on February 20th, 2018
Residents of Windsor, a Canadian city near Detroit, have been complaining about a mysterious noise interfering with their daily lives for over eight years now, but despite numerous attempts to establish its origin, nobody has been able to figure out what’s causing it.
Called the ‘Windsor Hum’, the mysterious noise plaguing the Canadian city of over 210,000 people reportedly varies in intensity and comes and goes at random intervals. Sometimes it can be heard for just a few hours, and other times it lingers for days, causing those who can hear it to suffer from symptoms like severe headaches, sleeplessness, irritability, depression, among others. Some residents have been so affected by the Windsor Hum that they packed up and moved far away just so they could escape it.
Photo: Ken Lund/Wikimedia Commons
“You know how you hear of people who have gone out to secluded places to get away from certain sounds or noises and the like? I’ve wanted to do that many times in the past year or so because it has gotten so bad,” Windsor resident Sabrina Wiese wrote on a closed Facebook group dedicated to finding the source of the hum. “Imagine having to flee all you know and love just to have a chance to hear nothing humming in your head for hours on end.”
“You can’t get away from it. You go outside to work in your garden, you go outside to enjoy the sun, the noise is there,” 64-year-old Mike Provost told The Guardian, two years ago. “If you think of thunder, and you take that thunder and constantly repeat it for hours and days, weeks, that’s all it is.”
Some residents describe the Windsor Hum as the sound made by a subwoofer, others as an idling diesel engine, and some even compare it to the the Star Trek Enterprise preparing to go into warp speed. The one thing that all those who can hear the Windsor Hum agree on is that it is debilitating. Because it’s so inconsistent, coming and going at various intervals, and varying in its intensity, it’s virtually impossible impossible to get used to.
Photo: Ken Lund/Wikimedia Commons
Animals apparently have it even worse, according to Gary Grosse, a Windsor resident who has dedicated thousands of hours to finding the source of the hum and silencing it.
“Animals are being medicated for anxiety too. It sounds really freaky, but there are dogs crying all the time because animals are more susceptible. We even have some cats that won’t go outside,” Grosse said.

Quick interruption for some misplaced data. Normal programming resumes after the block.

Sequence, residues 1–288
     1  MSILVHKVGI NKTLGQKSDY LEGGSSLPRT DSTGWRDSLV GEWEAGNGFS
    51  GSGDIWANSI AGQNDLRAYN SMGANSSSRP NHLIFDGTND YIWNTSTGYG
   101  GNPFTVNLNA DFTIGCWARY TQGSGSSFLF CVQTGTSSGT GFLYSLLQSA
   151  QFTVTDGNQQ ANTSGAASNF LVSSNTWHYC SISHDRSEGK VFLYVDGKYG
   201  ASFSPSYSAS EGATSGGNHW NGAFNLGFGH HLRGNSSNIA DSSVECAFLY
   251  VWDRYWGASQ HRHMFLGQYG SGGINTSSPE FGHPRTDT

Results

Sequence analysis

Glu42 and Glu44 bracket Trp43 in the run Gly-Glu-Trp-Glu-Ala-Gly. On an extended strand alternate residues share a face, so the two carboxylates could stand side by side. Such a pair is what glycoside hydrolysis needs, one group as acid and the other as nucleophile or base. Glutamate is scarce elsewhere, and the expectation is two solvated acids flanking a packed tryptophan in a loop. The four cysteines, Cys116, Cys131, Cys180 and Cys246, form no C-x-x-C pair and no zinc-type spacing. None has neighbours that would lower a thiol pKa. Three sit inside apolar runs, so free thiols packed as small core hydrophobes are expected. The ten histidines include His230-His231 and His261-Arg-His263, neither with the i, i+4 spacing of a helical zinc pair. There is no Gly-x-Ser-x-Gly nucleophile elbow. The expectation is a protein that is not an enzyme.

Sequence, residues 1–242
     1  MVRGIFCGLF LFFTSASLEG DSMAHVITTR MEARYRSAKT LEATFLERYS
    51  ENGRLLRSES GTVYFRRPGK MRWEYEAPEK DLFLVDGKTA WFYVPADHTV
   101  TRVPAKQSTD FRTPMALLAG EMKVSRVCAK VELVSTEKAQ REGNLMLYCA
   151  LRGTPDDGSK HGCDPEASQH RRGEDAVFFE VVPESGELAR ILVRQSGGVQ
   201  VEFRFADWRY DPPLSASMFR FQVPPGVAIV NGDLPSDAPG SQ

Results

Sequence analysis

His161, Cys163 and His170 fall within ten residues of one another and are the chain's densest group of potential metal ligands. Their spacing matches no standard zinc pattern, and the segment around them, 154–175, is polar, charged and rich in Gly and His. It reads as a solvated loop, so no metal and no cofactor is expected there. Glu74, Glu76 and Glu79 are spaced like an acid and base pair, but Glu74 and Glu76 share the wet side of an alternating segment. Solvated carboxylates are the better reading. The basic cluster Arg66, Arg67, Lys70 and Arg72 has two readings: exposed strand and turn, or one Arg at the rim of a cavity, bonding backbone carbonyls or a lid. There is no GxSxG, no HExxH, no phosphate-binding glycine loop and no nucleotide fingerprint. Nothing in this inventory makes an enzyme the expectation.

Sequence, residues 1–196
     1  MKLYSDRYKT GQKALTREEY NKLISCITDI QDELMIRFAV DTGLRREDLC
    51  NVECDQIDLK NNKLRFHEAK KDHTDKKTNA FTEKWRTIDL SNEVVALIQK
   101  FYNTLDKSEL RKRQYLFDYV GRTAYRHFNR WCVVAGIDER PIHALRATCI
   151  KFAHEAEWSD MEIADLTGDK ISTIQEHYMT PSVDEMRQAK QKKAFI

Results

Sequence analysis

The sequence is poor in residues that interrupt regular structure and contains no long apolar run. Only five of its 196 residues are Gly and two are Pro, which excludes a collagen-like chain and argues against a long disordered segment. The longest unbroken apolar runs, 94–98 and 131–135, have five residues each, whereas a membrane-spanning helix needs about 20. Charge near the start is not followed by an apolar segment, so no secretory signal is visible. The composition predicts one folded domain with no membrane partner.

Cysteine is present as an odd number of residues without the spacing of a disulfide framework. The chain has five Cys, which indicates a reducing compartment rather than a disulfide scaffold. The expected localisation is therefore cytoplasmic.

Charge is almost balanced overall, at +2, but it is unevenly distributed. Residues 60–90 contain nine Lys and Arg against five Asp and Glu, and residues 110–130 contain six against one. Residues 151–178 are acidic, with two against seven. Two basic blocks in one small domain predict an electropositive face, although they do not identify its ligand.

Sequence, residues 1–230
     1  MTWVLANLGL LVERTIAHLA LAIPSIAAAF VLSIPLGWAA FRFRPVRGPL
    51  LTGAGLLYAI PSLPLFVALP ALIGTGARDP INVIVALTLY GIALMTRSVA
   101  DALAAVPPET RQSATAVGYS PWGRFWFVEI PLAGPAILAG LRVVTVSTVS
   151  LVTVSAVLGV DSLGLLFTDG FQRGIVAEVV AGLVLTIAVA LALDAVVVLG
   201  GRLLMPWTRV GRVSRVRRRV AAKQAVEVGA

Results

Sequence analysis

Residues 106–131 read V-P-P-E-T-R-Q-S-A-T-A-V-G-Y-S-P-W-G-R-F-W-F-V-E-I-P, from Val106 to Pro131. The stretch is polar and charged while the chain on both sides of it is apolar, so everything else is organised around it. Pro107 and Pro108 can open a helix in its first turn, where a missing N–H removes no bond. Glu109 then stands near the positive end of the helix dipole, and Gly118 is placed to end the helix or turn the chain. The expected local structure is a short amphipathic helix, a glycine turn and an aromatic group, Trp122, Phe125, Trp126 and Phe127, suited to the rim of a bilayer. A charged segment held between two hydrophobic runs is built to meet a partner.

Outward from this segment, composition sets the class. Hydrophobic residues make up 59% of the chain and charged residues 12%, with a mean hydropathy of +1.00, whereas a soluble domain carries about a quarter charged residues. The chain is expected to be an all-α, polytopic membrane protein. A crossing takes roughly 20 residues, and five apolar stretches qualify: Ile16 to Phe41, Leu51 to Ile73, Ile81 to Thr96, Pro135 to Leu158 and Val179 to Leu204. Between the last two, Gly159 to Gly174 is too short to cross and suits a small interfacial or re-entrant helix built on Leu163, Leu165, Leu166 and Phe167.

Identifying the origin of the Windsor Hum has been compared to chasing a ghost. Mot only is it inconsistent, but it’s also not heard by everyone in the city of Windsor and its vicinity. However, its existence is hard to deny if only by the number of reports about it. Six years ago, over 22,000 people dialed in to a local teleconference to complain about the hum and the effect it could have on their health and on the foundation of their home.
“It’s as if you had a fire hose moving back and forth and the people who have the water falling on them hear the noise, and if you’re outside that stream, you don’t hear the noise,” said Tim Carpenter, a retired consulting engineer who specialized in geotechnical engineering and machine vibrations.
Over the years, the Windsor Hum has been associated with all kinds of crazy conspiracy theories, like secret tunneling, UFOs and covert Government operations, but while you can’t rule out any possibility at this point, many Windsor residents are convinced that it has to do with the blast furnace operations on the nearby Zug Island, owned by US Steel.
“We didn’t identify the smoking gun, but there’s enough evidence there to strongly suggest that that’s the likely source,” said Colin Novak of the University of Windsor, one of the lead researchers on a 2013 Canadian government study of the hum.
Over the years, activists trying to solve the mystery of the Windsor Hum have complained that US Steel has been uncooperative and secretive about its operations on Zug Island. Both the New York Times and The Guardian attempted to contact the company about this issue, but it did not respond to requests for comment.
Gary Grosse and several other Windsor residents even pushed the idea that US Steel be given immunity from a lawsuit if its machinery proves to be the cause of the hum, on the condition that the company investigate the noise and take steps to mitigate it if it turns out their machines are causing it. Unfortunately, that proposition was put forward two years ago, but nothing has changed. The Windsor Hum still torments people, and there’s virtually nothing they can do but abandon their homes and move somewhere far away.